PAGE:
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How to Refinance a BRRR Property
Ryan G. WrightFeb 28, 2021 7:39:36 PM6 min read

How to Refinance a BRRR Property

Successfully completing a BRRR deal requires investors to eventually refinance a property. But, many new real estate investors have either A) only dealt with a primary residence refinance, or B) never done one at all. Investors often ask me how to refinance a BRRR property. 

With a BRRR deal, investors need to refinance their hard money purchase/rehab loan into a long-term, traditional mortgage. To do this, investors should get pre-qualified for that long-term mortgage before starting a deal. That way, as soon as they have tenants placed, they know they’ll qualify.

I’ll use the rest of this article to talk about different BRRR refinance considerations. Specifically, I’ll cover the following topics: 

  • What is a BRRR Property?
  • How to Refinance a BRRR Property
  • Lender Considerations
  • Securing Your Hard Money Loan
  • Finding a No Money BRRR Deal 


What is a BRRR Property?

Before discussing refinancing BRRR properties, I need to provide some investing background. BRRR has four steps: 1) buy, 2) rehab, 3) rent, and 4) refinance:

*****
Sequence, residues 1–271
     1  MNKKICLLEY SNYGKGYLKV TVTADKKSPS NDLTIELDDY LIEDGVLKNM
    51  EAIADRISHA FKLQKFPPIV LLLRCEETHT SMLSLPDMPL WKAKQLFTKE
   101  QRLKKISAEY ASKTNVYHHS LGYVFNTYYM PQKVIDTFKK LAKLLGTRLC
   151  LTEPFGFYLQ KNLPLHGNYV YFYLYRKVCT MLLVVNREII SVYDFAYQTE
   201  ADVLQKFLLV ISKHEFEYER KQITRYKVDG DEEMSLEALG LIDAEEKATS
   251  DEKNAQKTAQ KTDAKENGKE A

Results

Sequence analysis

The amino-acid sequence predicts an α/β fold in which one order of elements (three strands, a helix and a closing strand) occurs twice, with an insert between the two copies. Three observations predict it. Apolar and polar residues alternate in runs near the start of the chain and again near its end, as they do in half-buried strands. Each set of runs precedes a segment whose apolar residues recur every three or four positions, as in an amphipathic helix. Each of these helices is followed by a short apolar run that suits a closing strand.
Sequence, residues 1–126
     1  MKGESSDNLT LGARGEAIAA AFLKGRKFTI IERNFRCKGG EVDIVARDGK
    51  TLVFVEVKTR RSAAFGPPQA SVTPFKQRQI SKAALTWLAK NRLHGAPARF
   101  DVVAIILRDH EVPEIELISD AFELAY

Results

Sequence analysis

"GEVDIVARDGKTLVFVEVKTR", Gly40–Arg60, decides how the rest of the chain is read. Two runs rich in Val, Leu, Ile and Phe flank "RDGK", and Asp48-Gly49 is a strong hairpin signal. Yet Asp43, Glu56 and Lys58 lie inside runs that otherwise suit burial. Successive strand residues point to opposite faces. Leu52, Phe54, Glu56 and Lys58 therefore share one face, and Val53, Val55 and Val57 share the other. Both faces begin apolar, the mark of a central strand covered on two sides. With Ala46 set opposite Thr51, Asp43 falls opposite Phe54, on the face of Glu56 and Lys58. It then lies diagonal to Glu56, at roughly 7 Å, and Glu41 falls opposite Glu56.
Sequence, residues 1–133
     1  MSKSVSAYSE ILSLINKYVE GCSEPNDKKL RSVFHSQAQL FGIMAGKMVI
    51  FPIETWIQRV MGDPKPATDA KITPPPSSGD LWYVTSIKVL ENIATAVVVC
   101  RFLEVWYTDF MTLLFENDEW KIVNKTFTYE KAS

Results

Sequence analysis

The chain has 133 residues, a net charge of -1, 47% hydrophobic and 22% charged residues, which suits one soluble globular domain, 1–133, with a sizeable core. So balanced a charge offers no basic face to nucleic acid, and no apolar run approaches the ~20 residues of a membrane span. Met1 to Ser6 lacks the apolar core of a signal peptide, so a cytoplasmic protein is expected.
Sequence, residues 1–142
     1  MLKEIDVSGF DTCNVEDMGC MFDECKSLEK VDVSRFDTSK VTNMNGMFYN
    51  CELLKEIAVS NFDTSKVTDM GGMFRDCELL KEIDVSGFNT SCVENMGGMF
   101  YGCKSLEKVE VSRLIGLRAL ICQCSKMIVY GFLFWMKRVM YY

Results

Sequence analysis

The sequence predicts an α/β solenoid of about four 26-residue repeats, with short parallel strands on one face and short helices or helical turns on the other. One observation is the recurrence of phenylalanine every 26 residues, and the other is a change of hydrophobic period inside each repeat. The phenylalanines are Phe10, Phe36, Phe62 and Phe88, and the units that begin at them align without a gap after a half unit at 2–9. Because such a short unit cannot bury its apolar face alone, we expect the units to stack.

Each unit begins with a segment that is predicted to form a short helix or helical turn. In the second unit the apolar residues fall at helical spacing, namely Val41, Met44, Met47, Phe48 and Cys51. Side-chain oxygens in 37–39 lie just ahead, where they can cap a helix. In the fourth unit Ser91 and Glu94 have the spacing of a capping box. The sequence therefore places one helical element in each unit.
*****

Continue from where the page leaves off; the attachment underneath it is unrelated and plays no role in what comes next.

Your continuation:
• Buy: Similar to fix & flip investors, BRRR investors look for distressed properties in need of repairs. Ideally, they can purchase these houses at a significant discount due to their current state of disrepair.


  • Rehab: After purchasing a distressed property, investors renovate it. More precisely, they renovate it to a standard that will appeal to tenants. BRRR investors typically make material decisions based on the long-term wear and tear tenants can put on a rental property. In other words, investors want to use durable materials that won’t need to be frequently replaced.


  • Rent: Following the rehab period, BRRR investors rent the property out to high-quality, long-term tenants. Unlike fix & flip investors who profit on the sale of the renovated property, these investors instead seek cash flow and loan amortization via quality tenants.


  • Refinance: Once they’ve signed a lease with long-term tenants, BRRR investors need to refinance the loan on the property. Typically, investors use short-term, high-interest hard money loans to finance a BRRR purchase and rehab. Then, once they’ve rented the property, they look to refinance these short-term loans into long-term mortgages—with significantly lower rates. 


How to Refinance a BRRR Property

If BRRR investors fail to refinance their hard money loans into long-term mortgages, they face two bad options: 1) continue paying the high interest rate of a short-term loan, or 2) change strategies and sell the property. This begs the question, how can investors refinance a BRRR property?